by steveadore

Thanks to both of you. My FS bike has a 69 degree HTA (so basically in between the two Epic HT models), while my 10-yr old winter beater 29er HT still has a 71.5 degree HTA. I'm happy riding both bikes, so I don't think the HTA difference between the 2 Epic HT models is so crucial for me.
On the other hand, if the newer version is significantly more compliant/comfier AND the old one does not fit 2.3, or narrower (XC style) 2.4 tyres, that's a more important consideration in my book. BSA is nice too, since I will be running Shimano cranks anyway.

boots2000
Posts: 1366
Joined: Mon Oct 15, 2007 9:28 pm

by boots2000

I am about to build up a 2022 Epic S Works HT- I got it for the same reasons that you mentioned. Plus I wanted to run a 9point8 dropper because it has setback. I could only run something like a KS dropper on the 2018.
My desire is to make a super light bike that is more capable than a gravel bike. I will not even run big tires on it.

All that said, I had a 2018 S Works Epic HT and it was a really good bike. I more or less sold it to fund a new bike, not because I didn't like it. I must have had one of the good ones (Specialized PF30) because I never had issues with the bb. I started with standard SRAM PF30 cups. Ran them foor at least 2 years before I needed new ones. Then replaced with a set of Kogel cups that I already owned. Never a creak or peep from the bb.
Though slighlty steeper, the 2018 also used a 51 rake fork. I felt like the handling was nuetral and predictable.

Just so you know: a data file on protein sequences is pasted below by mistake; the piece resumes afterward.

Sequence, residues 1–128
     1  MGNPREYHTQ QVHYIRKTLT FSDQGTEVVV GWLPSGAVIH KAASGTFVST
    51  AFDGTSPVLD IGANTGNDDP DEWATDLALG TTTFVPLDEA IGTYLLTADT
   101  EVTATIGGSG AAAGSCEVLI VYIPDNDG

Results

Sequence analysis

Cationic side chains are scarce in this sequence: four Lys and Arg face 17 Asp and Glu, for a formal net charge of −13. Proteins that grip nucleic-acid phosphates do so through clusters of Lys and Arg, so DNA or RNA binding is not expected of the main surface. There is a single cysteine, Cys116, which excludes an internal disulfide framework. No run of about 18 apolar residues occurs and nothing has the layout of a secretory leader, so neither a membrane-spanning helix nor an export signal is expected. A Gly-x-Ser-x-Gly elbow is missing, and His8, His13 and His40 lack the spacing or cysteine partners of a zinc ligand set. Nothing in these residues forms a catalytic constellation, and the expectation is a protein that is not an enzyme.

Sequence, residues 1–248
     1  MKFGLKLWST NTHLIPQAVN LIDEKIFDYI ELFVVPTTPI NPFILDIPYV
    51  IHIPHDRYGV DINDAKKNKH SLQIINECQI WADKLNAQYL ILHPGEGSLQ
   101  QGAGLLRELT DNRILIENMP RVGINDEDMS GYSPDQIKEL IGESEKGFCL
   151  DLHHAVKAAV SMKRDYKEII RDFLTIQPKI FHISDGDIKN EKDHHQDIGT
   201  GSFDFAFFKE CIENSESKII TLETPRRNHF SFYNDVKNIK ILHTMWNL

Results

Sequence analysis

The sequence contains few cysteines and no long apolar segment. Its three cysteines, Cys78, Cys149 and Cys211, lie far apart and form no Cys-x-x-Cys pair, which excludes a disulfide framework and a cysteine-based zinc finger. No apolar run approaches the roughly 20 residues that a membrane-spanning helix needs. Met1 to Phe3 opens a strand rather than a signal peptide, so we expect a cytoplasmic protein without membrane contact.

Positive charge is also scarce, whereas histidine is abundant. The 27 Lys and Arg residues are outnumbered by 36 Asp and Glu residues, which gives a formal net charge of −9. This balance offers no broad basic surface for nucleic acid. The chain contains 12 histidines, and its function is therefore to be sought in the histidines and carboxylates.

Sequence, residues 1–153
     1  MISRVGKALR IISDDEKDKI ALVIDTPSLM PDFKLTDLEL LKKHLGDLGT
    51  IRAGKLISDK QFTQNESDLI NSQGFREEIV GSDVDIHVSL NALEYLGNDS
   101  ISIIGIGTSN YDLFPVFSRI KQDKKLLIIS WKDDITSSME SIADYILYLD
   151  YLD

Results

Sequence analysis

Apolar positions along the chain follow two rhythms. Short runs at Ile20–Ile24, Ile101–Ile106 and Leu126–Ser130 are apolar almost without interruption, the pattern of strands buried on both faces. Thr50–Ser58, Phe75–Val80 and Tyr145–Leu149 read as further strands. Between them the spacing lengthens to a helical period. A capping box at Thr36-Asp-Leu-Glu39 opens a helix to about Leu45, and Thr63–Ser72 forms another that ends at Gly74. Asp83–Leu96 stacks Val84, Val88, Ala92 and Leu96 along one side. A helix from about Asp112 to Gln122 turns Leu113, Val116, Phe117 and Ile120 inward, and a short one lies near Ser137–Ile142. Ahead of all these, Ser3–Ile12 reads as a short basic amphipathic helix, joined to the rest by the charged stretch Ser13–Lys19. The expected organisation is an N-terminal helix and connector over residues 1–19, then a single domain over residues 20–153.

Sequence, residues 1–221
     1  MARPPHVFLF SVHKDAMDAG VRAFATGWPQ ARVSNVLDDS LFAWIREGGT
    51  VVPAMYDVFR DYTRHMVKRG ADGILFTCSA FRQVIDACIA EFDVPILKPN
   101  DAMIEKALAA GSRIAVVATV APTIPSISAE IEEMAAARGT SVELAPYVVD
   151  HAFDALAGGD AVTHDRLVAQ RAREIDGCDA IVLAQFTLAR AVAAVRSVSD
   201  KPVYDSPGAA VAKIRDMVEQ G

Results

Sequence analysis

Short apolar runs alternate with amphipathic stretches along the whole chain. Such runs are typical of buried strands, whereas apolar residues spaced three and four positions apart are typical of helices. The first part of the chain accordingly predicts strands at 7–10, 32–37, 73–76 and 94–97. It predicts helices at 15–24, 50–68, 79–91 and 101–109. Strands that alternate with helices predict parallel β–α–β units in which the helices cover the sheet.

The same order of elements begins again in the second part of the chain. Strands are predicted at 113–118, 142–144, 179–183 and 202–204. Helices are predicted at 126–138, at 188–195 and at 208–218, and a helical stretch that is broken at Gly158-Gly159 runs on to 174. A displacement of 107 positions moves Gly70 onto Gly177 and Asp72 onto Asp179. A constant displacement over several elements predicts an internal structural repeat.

Lastly, the bumper is an asset. You will never ram your bars or brake levers into your toptube on a get off. This happens with mountain bikes!

I will report back in a couple weeks when I have the 2022 frame built up and riding. Since the 2022 is lighter (and I also have a lighter fork and wheels) I am hoping to get a similar weight but with the dropper post. At lgihtest, my 2018 Epic HT was 18.32 lb/8.314 kg with cages, pedals and computer mount.

steveadore
Posts: 140
Joined: Wed Mar 04, 2020 10:01 am

by steveadore

Thanks, Boots2000! Was the 2018 noticeably harsh (or supple) in terms of ride feel, regardless of tyre pressure> (of course, this latter probably makes more difference than the carbon layup used on the frame in any case)
Could you please explain this? "I wanted to run a 9point8 dropper because it has setback. I could only run something like a KS dropper on the 2018."
On paper, at least, the seat tube angles are identical on these two. Or are you referring to the 27.2mm diameter limitations on the 2018 model?

Btw, I probably wouldn't run a dropper myself on either of these (just use a nice carbon seatpost). Oh, and on the 2018 model I'd probably run my 45mm offset DT Swiss fork, thus increasing the trail to almost match the new model.

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boots2000
Posts: 1366
Joined: Mon Oct 15, 2007 9:28 pm

by boots2000

The 2018 was not harsh. Ride quality was great. Even with smallish tires.

I like a seatpost with setback. I could not find a 27.2 dropper with setback to use on the 2018 frame. I rode with a zero setback KS dropper for a while. But the pedaling position was terrible for me and I would get really uncomfortable after about one hore of pedaling. So I went back to a setback seatpost (rigid).
On the 2022 I will be able to use the 9Point8 post that I mentioned. It has 25mm of saddle setback. 2022 frame is 30.9.

I also know folks who are running a 120mm fork on the 2018 model. They like how the bike andles in that setup.